I finished Blood-Stained Tea by Amy Tasukada yesterday, and really enjoyed it; review coming later this week. I also watched Clash of the Titans which, erm. Review coming later this week as well.

I started Rivers of London by Ben Aaronovitch today, which seems promising. Still working on Wizards and Glass, and The Long Way to a Small Angry Planet as well.

I don't have a lot of plans for the next three days. Hang out with Spawn. Maybe venture out of the house for a bit if the weather doesn't crap itself everywhere, which is a distinct possibility. Most likely we'll stay home and watch a lot of Netflix. Maybe read some. Usual holiday time stuff. :)

What about you? How's your week? What are you reading?

Tuesday, 10 April 2018

Review - Zoolander 2

The first Zoolander movie was fun. Dumb fun, yes, but fun.

Zoolander 2 is ... really, it's just kind of dumb.

It's packed full of celebrity cameos, including Kiefer Sutherland who is somehow the funniest of all of them.

So, anyway, Derek Zoolander has become a "hermit crab" after his school collapses, falls into the river and kills his wife.

Hansel is also a kind of a recluse, though with his entire orgy.

They're drawn back into the world of fashion when rock stars start dying with the same looks on their faces.

The best thing I can say about Zoolander 2 is that I got my nails re-painted while I was watching it.

Saturday, 7 April 2018

Sunday Post 95, It's Monday, what are you reading? 80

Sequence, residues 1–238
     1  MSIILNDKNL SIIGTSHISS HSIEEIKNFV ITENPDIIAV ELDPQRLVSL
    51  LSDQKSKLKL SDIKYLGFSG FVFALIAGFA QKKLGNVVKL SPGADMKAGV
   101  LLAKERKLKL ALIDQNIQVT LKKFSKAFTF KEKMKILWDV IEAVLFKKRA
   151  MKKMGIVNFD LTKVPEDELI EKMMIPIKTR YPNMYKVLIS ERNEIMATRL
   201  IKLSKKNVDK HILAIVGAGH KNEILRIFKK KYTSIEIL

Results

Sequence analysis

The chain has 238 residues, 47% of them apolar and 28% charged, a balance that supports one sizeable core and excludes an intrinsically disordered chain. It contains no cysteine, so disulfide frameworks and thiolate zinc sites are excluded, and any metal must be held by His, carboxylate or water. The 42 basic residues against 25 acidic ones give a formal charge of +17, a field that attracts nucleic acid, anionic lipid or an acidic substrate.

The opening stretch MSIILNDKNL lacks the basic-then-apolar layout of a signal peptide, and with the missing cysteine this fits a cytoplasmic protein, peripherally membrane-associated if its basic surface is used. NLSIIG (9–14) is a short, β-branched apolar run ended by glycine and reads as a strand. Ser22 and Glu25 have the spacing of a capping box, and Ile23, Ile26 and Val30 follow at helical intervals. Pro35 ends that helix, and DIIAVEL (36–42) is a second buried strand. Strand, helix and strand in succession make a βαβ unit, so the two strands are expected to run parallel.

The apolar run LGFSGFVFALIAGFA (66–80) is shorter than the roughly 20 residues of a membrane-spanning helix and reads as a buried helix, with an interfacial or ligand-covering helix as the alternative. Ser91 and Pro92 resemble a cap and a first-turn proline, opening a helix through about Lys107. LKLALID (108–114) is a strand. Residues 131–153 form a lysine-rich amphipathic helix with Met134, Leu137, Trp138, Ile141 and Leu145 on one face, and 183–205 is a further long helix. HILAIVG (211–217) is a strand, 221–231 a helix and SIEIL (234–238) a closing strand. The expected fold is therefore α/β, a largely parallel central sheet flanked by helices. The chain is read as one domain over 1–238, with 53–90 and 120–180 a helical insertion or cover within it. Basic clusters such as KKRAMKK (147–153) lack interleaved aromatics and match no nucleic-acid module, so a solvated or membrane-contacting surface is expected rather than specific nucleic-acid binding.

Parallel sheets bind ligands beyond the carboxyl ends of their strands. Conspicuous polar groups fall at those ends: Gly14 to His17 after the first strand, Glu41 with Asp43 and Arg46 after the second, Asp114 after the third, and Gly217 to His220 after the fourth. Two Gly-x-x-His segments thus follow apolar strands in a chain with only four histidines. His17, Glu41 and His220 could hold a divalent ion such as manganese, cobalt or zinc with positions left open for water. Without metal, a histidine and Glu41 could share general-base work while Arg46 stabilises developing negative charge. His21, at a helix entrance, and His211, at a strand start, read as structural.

The Sunday Post - a chance for bloggers to have a chat and a catch-up - is hosted by Kimba, here: and It's Monday, What are you reading? is hosted by Kathryn, here:

Last week was a shorter working week because of Easter, and coming up this week I have five days off from Thursday as it's school holiday time. It's annoying when the school holidays don't align with Easter, but there you go. I've taken a couple of school days off to get some bits and pieces done, and then three days of the first week of the holidays, so that spawn doesn't spend his whole time in the holiday programme he's booked into. Plus, it's expensive.

So I'm looking forward to having a few days off.

The weather has turned cold, grey and rainy, which is my favourite - as long as I'm not outside in it, so I'm kind of loving it at the moment.

Work is going okay as well. I have a bit of anxiety-brain, so I'm working on leaving work at night - and leaving it AT work, instead of letting it run through my brain - especially mistakes. Ugh. Any tips, I'll take em ;)

I'm still reading The Long Way to a Small Angry Planet, and ... Wizards and Glass and I are on a break. It's going through this massive flashback in the middle of a really long book, and I kind of don't care, but I also want to finish the series. Blergh.

I also started Blood-stained Tea by Amy Tasukada, which I'm enjoying. I'm hoping to finish that this week so I can write a review. I also watched Zoolander 2 today which was .... a movie. That I watched. So review coming for that as well.

How about you? What's your week like? What are you reading?

Saturday, 31 March 2018

Sunday Post 94, It's Monday, what are you reading? 79

The Sunday Post - a chance for bloggers to have a chat and a catch-up - is hosted by Kimba, here: and It's Monday, What are you reading? is hosted by Kathryn, here:

Sometimes when I sit down to do these posts, I know exactly what I'm going to talk about. Others .... well other times I think "My week was exactly like every other week, what am I going to talk about?"

I have nothing - lol. Um. I've been enjoying the long weekend and not doing much at all. I had lunch with a friend yesterday, and today spawn and I read some Harry Potter, watched Moana and did some colouring and dot-to-dot-ing, which was fun. Other than that ...